Hurricane Ian sweeps through North Carolina, Wake Forest

The post-tropical cyclone caused classes to be canceled on Friday, Sept. 30


Virginia Noone

A tree in front of Benson University Center leans sideways on Friday morning after strong winds knocked it over.

Christa Dutton and Hope Zhu

Hurricane Ian — which downgraded to a post-tropical cyclone by the time it reached the Triad — brought heavy rains and winds to Winston-Salem on Friday, causing Wake Forest classes to cancel and campus to close. 

A Wake Alert was sent shortly before 9:30 a.m. on Friday announcing that undergraduate and graduate classes would be canceled — except for the School of Law, which moved classes online. The email alert also announced that the Reynolda, Wake Downtown and Brookstown campuses would be closed to visitors beginning at noon Friday until 5 p.m. on Saturday, Oct. 1 to minimize travel to and from campus. 

The storm also caused damage around campus. Strong winds knocked over trees outside Taylor Residence Hall and Benson University Center. Limbs and branches were scattered all over campus on Saturday morning. 

The Winston-Salem Journal reported that almost 15,000 Duke Energy customers in Forsyth County lost power at around 9:30 p.m. Friday night. Residents of Deacon Place said they experienced a power outage for a few seconds on Friday and then the WiFi cut off but was restored within an hour. 

“My internet went off and on a couple of times, so it was difficult doing the work that I wanted to complete,” junior Sara Hagiwara, who lives in Deacon Place, said. “Other than that, it wasn’t too much of a disruption.” 

Senior Rebecca Getu also said some of her friends faced minor power outage issues. She also expressed uncertainty about canceling classes on Friday.

“It was unexpected,” Getu said. “I’m not sure how this is going to affect the semester going forward in terms of being behind, but I think this is the best decision the university could come up with.”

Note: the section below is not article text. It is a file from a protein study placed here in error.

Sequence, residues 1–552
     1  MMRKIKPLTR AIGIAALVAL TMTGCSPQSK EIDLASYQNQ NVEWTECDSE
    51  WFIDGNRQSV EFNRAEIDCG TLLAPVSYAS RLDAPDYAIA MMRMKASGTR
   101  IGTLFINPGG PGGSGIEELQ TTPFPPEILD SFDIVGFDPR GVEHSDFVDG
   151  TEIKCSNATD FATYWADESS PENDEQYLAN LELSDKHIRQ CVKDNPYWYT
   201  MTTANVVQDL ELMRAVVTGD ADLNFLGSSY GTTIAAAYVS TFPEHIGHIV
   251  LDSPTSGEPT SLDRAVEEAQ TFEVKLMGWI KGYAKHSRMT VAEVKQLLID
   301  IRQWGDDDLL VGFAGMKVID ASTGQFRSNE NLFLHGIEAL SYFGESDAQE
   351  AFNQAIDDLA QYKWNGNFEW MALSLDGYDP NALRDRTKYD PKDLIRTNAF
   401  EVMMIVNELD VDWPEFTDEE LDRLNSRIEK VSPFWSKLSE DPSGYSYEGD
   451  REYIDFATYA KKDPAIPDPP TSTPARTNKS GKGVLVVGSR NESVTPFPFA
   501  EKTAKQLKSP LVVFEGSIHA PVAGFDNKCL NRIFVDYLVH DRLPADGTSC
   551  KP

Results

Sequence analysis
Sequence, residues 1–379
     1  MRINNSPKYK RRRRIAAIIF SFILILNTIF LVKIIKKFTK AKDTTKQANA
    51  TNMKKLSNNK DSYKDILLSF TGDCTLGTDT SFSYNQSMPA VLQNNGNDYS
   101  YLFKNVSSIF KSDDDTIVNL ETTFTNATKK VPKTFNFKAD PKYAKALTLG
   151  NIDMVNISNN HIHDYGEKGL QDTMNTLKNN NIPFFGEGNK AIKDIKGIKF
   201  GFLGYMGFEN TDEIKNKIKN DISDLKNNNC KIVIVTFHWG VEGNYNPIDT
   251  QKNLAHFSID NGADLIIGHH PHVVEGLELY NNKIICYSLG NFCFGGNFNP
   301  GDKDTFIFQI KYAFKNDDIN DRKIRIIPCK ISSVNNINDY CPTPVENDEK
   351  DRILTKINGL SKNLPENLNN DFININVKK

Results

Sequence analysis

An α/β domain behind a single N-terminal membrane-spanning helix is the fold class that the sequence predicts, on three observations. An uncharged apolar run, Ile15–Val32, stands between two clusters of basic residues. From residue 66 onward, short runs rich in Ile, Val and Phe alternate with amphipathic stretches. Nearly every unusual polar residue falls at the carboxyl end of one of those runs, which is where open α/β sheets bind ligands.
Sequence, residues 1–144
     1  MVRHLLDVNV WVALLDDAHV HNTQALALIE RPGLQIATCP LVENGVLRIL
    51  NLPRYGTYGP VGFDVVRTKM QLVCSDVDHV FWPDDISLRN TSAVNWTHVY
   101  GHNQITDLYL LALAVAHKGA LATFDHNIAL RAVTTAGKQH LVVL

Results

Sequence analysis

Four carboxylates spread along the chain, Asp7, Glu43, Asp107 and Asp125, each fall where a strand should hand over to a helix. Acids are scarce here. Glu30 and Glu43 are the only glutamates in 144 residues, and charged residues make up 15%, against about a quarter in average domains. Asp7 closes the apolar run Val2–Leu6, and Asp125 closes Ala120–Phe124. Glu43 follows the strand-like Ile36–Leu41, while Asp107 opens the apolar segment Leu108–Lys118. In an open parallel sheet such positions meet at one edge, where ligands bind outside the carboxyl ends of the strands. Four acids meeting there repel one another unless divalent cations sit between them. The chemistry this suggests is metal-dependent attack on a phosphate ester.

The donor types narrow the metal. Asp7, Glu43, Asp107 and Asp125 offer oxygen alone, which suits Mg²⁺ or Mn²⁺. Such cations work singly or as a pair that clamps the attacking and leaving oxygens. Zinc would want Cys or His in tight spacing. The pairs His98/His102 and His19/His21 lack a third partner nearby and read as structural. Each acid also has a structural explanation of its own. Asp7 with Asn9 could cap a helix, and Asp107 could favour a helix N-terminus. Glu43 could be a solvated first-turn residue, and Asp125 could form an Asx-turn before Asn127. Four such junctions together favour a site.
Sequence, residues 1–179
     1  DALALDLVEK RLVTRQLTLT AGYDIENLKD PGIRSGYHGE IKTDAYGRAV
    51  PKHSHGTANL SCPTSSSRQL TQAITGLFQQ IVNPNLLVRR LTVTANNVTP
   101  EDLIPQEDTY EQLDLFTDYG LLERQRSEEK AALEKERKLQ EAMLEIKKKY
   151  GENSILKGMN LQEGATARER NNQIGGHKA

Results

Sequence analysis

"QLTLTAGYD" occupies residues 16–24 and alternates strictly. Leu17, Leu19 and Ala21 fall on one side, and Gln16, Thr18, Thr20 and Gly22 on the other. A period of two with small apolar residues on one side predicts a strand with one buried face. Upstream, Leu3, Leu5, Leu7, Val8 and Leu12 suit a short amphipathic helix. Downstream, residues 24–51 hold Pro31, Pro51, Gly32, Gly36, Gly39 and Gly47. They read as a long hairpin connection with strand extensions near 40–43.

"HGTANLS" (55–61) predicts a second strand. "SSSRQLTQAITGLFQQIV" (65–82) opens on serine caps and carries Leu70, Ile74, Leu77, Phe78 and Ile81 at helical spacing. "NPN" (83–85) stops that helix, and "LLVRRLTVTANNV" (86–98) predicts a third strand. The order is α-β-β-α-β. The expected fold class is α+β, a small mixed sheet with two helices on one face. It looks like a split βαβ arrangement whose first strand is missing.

Students living on campus were rather less affected by the hurricane. Most residence halls were not disturbed.

“Our power and heating is fine,” sophomore Alison LaPat, who lived in Kitchen Residence Hall, said. “Everyone I know is okay.”

Though not directly impacted by the storm, LaPat spoke about apprehension for other students who might have family in hurricane’s path.

“I’ve seen all the videos of people lived near Tampa Lake whose houses were underwater,” Lapat said. “I don’t have any immediate family down there, but I hope everyone’s okay.”

The inclement weather also caused events to be postponed. The World Cultural Festival, hosted by the Intercultural Center, that was scheduled for Friday was postponed to an unannounced date. 

Additionally, Wake Forest field hockey had to adjust their weekend games. Their matchup against Duke was moved from Friday at 2 p.m. to Sunday, Oct. 2, at 2 p.m. Their game against Davidson which was scheduled for Sunday at 2 p.m. was rescheduled for Monday, Oct. 3, at 7 p.m. 

The weather thus far in Week 7 of the semester has been cold, but clear.